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It's well known in random matrix theory that locally the eigenvalues of a random matrix from the Gaussian unitary ensemble tend to a sine-kernel determinantal point process. Likewise, locally the eigenangles of a random unitary matrix (the 'circular unitary ensemble') also tend to a sine-kernel determinanantal point process. (An accessible introductory account of these facts, with definitions, is given in section 1.3 of this survey of Bourgade and Keating.)

One usually proves these facts by explicitly computing the joint intensity of the eigenvalues of an $N\times N$ GUE matrix -- extracting in this way the square of a Vandermonde determinant term -- then using orthogonal polynomials and Gaudin's lemma to find the correlation functions of GUE, and finally using something like Plancherel-Rotach asymptotics to evaluate the correlation function in the limit. A similar process holds for unitary matrices, with the first step just being the Weyl integration formula. This all is outlined in Bourgade and Keating's note.

My question is whether there is a less computational approach to see that the eigenvalues of a random $GUE(N)$ matrix and the eigenangles of a random $U(N)$ matrix tend locally to the same distribution (bypassing that this distribution is the sine-kernel process). To make the question more precise, is there for instance a simple demonstration of the fact that for nice test functions $\eta$, and $E\in(-2,2)$,

$$ \lim_{N\rightarrow\infty}\mathbb{E}_{U(N)} \sum_{i\neq j} \eta(N\theta_i,N\theta_j) = \lim_{N\rightarrow\infty} \mathbb{E}_{GUE(N)} \sum_{i\neq j}\eta\big( N\rho_{sc}(E)(\lambda_i-E), N\rho_{sc}(E)(\lambda_j-E) \big) $$

without actually computing what either limit is? (Or indeed, even doing so much computation as to extract a Vandermonde squared term.)

Here $\theta_i\in[-1/2,1/2)$ are the eigenangles of a random unitary matrix, and $\lambda_i$ are the eigenvalues of a random GUE matrix, normalized as in Bourgade and Keating's survey (this is the normalization such that nearly all eigenvalues lie in the interval $(-2,2)$). For the purposes of this question, define the weight $\rho_{sc}$ by the relation $$ \lim_{N\rightarrow\infty}\mathbb{E}_{GUE(N)} \frac{1}{N}\sum_i f( \lambda_i ) = \int f(x) \rho_{sc}(x)\,dx. $$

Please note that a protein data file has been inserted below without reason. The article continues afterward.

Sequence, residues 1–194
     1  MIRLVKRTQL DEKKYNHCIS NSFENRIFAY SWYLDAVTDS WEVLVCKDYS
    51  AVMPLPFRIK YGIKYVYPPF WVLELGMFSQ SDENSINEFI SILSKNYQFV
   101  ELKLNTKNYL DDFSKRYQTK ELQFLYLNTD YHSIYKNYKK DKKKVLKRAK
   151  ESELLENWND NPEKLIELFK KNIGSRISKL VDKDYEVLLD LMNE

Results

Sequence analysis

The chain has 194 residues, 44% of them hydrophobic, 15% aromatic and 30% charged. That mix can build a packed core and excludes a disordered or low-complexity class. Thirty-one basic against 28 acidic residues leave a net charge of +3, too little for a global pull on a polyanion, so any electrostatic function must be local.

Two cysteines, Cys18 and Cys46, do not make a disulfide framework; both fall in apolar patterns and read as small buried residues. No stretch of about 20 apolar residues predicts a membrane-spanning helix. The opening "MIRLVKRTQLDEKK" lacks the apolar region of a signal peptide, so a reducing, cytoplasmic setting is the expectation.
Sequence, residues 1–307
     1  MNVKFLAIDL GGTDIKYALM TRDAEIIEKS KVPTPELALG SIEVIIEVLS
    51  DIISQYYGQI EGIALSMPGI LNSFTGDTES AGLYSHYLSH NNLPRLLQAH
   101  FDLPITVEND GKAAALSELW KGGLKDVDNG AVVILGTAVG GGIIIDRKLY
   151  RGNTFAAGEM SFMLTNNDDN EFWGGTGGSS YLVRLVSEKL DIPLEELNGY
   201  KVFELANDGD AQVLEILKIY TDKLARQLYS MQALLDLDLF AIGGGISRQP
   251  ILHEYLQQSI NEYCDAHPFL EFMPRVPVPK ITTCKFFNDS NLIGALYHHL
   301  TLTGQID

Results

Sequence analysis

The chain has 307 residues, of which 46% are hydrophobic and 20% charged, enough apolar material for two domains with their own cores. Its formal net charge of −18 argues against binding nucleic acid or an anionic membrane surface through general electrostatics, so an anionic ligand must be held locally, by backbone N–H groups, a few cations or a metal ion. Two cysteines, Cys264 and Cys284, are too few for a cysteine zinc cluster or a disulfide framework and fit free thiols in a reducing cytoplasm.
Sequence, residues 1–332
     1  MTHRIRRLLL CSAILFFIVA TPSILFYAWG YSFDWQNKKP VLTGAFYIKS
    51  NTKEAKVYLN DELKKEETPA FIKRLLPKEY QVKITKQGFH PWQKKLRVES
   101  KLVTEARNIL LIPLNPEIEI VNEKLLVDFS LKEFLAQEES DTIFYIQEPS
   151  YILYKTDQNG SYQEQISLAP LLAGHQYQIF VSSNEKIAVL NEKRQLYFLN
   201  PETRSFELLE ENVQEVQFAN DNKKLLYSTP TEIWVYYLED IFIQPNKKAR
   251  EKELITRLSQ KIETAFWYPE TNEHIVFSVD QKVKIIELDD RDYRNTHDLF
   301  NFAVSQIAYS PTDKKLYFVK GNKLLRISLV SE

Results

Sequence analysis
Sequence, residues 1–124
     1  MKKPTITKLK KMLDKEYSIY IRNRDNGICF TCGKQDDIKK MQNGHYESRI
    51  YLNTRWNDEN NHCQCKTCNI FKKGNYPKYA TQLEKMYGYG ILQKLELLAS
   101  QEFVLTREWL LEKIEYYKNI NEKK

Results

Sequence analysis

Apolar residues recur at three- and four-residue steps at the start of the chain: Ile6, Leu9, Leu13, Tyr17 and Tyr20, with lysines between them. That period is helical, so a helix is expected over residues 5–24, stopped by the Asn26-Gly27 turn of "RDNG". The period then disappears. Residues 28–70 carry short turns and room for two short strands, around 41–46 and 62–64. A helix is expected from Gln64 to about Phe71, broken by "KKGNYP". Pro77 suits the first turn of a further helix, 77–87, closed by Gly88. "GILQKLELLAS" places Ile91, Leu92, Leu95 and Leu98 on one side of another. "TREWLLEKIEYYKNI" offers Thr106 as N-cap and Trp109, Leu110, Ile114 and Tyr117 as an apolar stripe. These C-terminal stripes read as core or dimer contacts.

I'm aware the question is very much a naive one, but I have never gotten an answer that was entirely satisfying to me. I know enough representation theory to recite here the fact that the space of positive definite Hermitian matrices is in correspondence with $GL(N,\mathbb{C})/U(N)$, which is dual to $U(N)$, with a vague sense acquired from multiple sources that this is the relevant fact. I don't understand the theory of symmetric spaces well enough however to see why this implies the formula highlighted above. In general the less algebraic sophistication required to understand an answer the easier it will be for me (and perhaps others) to assimilate.

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    $\begingroup$ The physics reason, of course, is that the two ensembles describe the thermal equilibrium distribution of particles with the same repulsive interaction for short separation. Then it doesn't matter for the local distribution whether the particles move on a straight line (GUE) or on a circle (CUE). I doubt that there is a simple algebraic demonstration of this equivalence, although it is intuitively obvious. $\endgroup$ – Carlo Beenakker Mar 5 '15 at 8:09
  • $\begingroup$ Thanks. What you mention is an important observation. I'm trying to take as my starting point the matrix definitions of GUE (e.g. a Hermitian matrix of otherwise independent complex gaussians) and CUE (the unitary group with Haar measure) though, and to see whether without pulling out the vandermonde squared term it can still be seen that local statistics are the same. But perhaps there is no way to bypass the computation... $\endgroup$ – Brad Rodgers Mar 5 '15 at 11:29
  • $\begingroup$ You may want to take a look at this link.springer.com/article/10.1007/BF02710326. Also in the review by Brody there is a mention to "universality", i.e. the results should not depend on the specific statistical distribution of the random matrix elements. $\endgroup$ – user2820579 May 15 '18 at 15:33

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